JORGE FARAH: Yes! Before I zero in on the song in question, I’d like to say that I love the living hell out of All This Useless Beauty. It often gets treated like it occupies a minor place in EC’s discography, in part due to its premise and commercial reception—it was famously the lowest-selling album in his career when it first came out. But it has a special place in my heart; this was one of the first Elvis Costello albums I bought during my initial process of discovery. Because I hadn’t followed EC’s career in any sort of linear fashion—or adhering to any specific criteria– I had absolutely no idea this was supposed to be an “odds-and-ends” compilation, or a collection of songs originally written for other artists. I didn’t really know anyone who liked Elvis Costello, so I didn’t know where to go beyond the universally-agreed-upon “first three albums” rule. I had no sherpa to guide me, so I just kind of picked up whatever I was able to find in music stores down here in South America. In a way, approaching a discography this large with this kind of freedom was oddly liberating; the album I bought after this one was Get Happy, and then The Juliet Letters after that. Each album was its own surprise, like discovering a couple dozen new artists and processing their individual discographies. I was roaming a wide, open space, free to wander wherever my curiosity took me, free from the influence of tastemakers or public perception, gathering jewels I stumbled onto along the way. To me, it was just a really good Elvis Costello album, a collection of smartly written pop tunes that incorporated many distinct influences. And even now, knowing of the minutiae of its genesis (thanks to the extensive liner notes in the Rhino reissues), that’s exactly what it feels like. A solid collection of songs (if a bit over-produced in parts; it’s really the only EC album that has that dreadful mid-90s radio-pop shimmer).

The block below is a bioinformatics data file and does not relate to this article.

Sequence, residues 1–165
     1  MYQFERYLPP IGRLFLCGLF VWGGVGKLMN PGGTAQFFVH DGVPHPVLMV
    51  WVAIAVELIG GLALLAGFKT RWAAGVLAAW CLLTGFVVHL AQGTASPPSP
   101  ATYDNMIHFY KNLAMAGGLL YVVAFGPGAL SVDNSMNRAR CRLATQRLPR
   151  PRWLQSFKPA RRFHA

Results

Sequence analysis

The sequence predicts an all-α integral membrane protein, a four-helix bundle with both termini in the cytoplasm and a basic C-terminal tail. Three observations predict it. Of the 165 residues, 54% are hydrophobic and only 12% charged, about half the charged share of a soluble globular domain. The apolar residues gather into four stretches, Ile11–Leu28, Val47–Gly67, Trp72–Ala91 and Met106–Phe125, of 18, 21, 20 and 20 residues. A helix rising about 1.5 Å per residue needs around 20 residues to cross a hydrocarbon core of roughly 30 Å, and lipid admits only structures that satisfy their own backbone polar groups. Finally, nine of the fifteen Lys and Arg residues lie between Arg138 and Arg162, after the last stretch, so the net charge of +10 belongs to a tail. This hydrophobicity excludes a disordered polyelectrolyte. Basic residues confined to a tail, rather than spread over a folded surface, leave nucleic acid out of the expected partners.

I’ve also heard it referred to as some kind of prelude to EC’s Burt Bacharach collaboration Painted From Memory; the logic being they’re both largely made up of piano ballads. But that doesn’t really hold true for ATUB—yes, the album does feature songs like “I Want to Vanish”, “Poor Fractured Atlas”, and its wonderful title track– but it also features some lively jaunts and ferocious playing. “Shallow Grave” has never been my favorite ATUB song, but rediscovering it during this exercise gave me a new appreciation for its minor pleasures: Bruce Thomas’s measured bassline, Steve Nieve hammering down masculine chords on the left side of his piano and quickly moving to the right for the pre-chorus, Pete Thomas’s clank-steam-boom (to borrow a line from Tom Waits) and EC’s jagged, angular guitar leads (likely stemming from his playing a right-handed guitar despite being a lefty). A jerky, stopstutter arrangement that explodes in the chorus and rolls back for another go-around, it accomplishes a lot in its modest running time. As primal as the song sounds, there’s a tricky dexterity to the musicianship on display here; I reckon the Attractions wouldn’t really know how to approach this song in 1978. At the very least, they’d need a minute to collect themselves in time to tackle “Poor Fractured Atlas”.